Motto: "Order and Work"
Anthem: A Portuguesa (Portuguese)
The Portuguese Republic on the eve of World War I
|Common languages||Portuguese (in Continental Portugal, Madeira and Azores, official in the Portuguese Empire)|
o 1911-1915 (first)
|Manuel de Arriaga|
o 1925-1926 (last)
o 1911 (first)
|João Pinheiro Chagas|
o 1925-1926 (last)
|Legislature||Congress of the Republic|
o Upper house
o Lower house
|Chamber of Deputies|
|5 October 1910|
|21 August 1911|
|29 May 1926|
|1911||92,391 km2 (35,672 sq mi)|
|1920||92,391 km2 (35,672 sq mi)|
|Currency||Portuguese real |
The First Portuguese Republic (Portuguese: Primeira República Portuguesa; officially: República Portuguesa, Portuguese Republic) spans a complex 16-year period in the history of Portugal, between the end of the period of constitutional monarchy marked by the 5 October 1910 revolution and the 28 May 1926 coup d'état. The latter movement instituted a military dictatorship known as Ditadura Nacional (national dictatorship) that would be followed by the corporatist Estado Novo (new state) regime of António de Oliveira Salazar.
The sixteen years of the First Republic saw nine presidents and 44 ministries, and were altogether more of a transition between the Kingdom of Portugal and the Estado Novo than they were a coherent period of governance.
The First Republic was intensely anti-clerical. The leaders of the Republic were secularists and, indeed, were following liberal tradition of disestablishing the powerful role the Catholic Church once held. Historian Stanley Payne points out, "The majority of Republicans took the position that Catholicism was the number one enemy of individualist middle-class radicalism and must be completely broken as a source of influence in Portugal." Under the leadership of Afonso Costa, the justice minister, the revolution immediately targeted the Catholic Church: churches were plundered, convents were attacked and clergy were harassed.[by whom?] Scarcely had the provisional government been installed when it began devoting its entire attention to an anti-religious policy, in spite of the disastrous economic situation. On 10 October - five days after the inauguration of the Republic - the new government decreed that all convents, monasteries and religious orders were to be suppressed. All residents of religious institutions were expelled and their goods confiscated. The Jesuits were forced to forfeit their Portuguese citizenship. A series of anti-Catholic laws and decrees followed each other in rapid succession. On 3 November, a law legalizing divorce was passed and then there were laws to recognize the legitimacy of children born outside wedlock, authorize cremation, secularize cemeteries, suppress religious teaching in the schools and prohibit the wearing of the cassock. In addition, the ringing of church bells to signal times of worship was subjected to certain restraints, and the public celebration of religious feasts was suppressed. The government also interfered in the running of seminaries, reserving the right to appoint professors and determine curricula. This whole series of laws authored by Afonso Costa culminated in the law of Separation of Church and State, which was passed on 20 April 1911.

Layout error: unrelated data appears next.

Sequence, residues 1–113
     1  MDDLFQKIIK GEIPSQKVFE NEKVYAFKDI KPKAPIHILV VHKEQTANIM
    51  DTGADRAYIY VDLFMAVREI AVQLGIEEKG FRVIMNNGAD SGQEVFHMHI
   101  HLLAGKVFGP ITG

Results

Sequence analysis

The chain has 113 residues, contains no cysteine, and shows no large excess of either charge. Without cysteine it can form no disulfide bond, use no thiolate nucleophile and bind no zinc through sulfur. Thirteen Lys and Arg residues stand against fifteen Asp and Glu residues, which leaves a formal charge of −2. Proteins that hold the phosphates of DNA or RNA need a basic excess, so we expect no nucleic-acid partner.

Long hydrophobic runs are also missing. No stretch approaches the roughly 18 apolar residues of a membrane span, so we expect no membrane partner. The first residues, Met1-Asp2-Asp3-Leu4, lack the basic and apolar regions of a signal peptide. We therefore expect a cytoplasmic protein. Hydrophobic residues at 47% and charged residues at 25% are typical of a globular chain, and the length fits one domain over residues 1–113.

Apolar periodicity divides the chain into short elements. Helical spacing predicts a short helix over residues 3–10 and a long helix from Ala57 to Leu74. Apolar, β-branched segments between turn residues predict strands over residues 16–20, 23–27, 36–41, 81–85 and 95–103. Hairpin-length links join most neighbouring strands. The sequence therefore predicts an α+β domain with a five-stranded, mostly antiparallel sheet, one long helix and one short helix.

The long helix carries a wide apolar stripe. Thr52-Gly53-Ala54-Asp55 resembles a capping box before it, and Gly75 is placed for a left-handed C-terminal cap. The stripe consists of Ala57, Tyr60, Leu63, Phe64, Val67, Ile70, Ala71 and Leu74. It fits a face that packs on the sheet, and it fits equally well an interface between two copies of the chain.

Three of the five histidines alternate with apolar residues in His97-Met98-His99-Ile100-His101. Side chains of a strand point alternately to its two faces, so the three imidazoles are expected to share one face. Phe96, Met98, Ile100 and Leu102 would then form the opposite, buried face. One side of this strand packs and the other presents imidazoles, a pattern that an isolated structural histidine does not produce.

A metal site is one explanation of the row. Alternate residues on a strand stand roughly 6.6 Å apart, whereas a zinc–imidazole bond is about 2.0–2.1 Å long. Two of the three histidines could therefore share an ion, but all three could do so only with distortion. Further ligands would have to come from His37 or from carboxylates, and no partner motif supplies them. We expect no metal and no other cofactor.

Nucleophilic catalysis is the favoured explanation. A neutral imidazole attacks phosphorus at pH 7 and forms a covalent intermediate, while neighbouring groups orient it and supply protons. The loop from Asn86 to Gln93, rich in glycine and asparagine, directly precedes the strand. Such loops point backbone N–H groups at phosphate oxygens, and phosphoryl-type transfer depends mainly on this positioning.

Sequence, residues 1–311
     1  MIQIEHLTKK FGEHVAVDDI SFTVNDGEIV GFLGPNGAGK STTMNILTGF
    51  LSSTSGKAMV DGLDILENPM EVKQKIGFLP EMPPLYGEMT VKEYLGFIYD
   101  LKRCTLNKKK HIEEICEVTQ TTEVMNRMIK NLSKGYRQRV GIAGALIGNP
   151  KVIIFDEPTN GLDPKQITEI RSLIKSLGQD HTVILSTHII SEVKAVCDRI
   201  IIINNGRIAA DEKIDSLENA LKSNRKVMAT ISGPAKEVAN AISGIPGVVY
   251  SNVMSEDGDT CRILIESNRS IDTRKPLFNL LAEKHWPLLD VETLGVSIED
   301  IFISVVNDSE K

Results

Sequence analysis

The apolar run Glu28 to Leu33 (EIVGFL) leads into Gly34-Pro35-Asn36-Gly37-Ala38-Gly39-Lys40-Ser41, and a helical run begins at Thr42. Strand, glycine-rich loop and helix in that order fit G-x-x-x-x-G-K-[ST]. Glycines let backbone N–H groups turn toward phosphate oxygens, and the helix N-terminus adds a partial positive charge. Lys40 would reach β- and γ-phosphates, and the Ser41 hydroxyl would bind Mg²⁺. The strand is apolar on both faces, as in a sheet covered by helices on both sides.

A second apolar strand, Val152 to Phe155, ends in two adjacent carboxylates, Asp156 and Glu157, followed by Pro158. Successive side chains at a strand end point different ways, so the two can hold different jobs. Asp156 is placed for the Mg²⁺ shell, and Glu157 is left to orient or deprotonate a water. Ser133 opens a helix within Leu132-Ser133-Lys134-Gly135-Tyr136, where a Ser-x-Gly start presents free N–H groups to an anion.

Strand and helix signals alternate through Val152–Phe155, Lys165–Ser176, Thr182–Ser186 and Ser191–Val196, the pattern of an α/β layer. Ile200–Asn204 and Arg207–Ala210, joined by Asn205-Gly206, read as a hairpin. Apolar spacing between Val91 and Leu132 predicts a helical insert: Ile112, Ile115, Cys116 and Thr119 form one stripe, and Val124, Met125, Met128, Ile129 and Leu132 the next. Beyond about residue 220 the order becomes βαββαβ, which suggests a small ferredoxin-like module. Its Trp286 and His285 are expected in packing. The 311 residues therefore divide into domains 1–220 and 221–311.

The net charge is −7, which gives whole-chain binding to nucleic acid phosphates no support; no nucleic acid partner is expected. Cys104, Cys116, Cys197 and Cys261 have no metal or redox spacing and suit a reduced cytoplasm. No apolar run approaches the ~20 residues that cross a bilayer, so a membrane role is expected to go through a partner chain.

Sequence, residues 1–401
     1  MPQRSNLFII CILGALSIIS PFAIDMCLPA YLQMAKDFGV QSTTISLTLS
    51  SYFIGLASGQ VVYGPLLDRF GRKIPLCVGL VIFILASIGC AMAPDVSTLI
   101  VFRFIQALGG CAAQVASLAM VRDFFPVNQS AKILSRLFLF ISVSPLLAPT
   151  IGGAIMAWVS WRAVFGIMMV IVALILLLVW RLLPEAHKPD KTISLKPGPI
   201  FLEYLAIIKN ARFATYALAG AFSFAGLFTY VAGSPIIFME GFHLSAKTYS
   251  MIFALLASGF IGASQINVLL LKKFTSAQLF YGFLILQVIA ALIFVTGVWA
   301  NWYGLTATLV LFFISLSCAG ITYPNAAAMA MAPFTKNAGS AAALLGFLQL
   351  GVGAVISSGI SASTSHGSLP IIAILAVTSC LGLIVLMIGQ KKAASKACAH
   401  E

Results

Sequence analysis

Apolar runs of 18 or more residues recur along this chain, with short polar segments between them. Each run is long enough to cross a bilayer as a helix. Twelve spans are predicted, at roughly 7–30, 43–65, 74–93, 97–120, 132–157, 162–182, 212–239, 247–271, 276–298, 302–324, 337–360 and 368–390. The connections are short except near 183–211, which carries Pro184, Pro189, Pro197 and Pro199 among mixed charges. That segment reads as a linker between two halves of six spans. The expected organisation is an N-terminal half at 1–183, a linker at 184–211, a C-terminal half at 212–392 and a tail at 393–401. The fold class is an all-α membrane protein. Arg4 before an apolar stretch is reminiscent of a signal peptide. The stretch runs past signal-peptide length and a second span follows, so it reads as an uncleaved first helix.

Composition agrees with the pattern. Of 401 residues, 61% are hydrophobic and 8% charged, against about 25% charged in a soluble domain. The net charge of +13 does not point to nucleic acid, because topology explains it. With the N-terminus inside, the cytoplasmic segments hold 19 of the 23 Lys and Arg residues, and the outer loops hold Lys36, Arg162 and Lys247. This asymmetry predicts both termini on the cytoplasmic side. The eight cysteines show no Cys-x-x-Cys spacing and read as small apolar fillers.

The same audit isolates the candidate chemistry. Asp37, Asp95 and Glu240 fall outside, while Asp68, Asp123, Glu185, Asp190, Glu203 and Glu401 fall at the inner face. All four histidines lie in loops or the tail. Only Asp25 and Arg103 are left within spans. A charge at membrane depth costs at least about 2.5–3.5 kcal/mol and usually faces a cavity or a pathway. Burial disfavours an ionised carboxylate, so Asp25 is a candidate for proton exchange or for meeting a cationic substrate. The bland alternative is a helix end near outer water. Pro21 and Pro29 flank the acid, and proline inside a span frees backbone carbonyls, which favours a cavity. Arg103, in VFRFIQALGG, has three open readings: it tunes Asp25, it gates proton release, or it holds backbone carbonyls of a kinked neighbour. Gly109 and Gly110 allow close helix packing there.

The republicans were anticlerical and had a "hostile" approach to the issue of church and state separation, like that of the French Revolution, and the future Mexican Constitution of 1917 and Spanish Constitution of 1931. On 24 May 1911, Pope Pius X issued the encyclical Iamdudum which condemned the anticlericalism of the new republic for its deprivation of religious civil liberties and the "incredible series of excesses and crimes which has been enacted in Portugal for the oppression of the Church."
The Republic repelled a royalist attack on Chaves in 1912.
The First Portuguese Republic was an unstable period in the History of Portugal. In a period of 16 years (1910-1926) Portugal had 8 Presidents of the Republic, 1 Provisional Government, 38 Prime Ministers and 1 Constitutional Junta:
Most historians have emphasized the failure and collapse of the republican dream by the 1920s. José Miguel Sardica in 2011 summarized the consensus of historians:
"[...] within a few years, large parts of the key economic forces, intellectuals, opinion-makers and middle classes changed from left to right, trading the unfulfilled utopia of a developing and civic republicanism for notions of "order," "stability" and "security." For many who had helped, supported or simply cheered the Republic in 1910, hoping that the new political situation would repair the monarchy's flaws (government instability, financial crisis, economic backwardness and civic anomie), the conclusion to be drawn, in the 1920s, was that the remedy for national maladies called for much more than the simple removal of the king [...] The First Republic collapsed and died as a result of the confrontation between raised hopes and meager deeds."
Sardica, however, also points up the lasting effects of the republican experiment:
"Despite its overall failure, the First Republic endowed twentieth-century Portugal with an insurpassable and enduring legacy--a renewed civil law, the basis for an educational revolution, the principle of separation between State and Church, the overseas empire (only brought to an end in 1975), and a strong symbolic culture whose materializations (the national flag, the national anthem and the naming of streets) still define the present-day collective identity of the Portuguese. The Republic's prime legacy was indeed that of memory."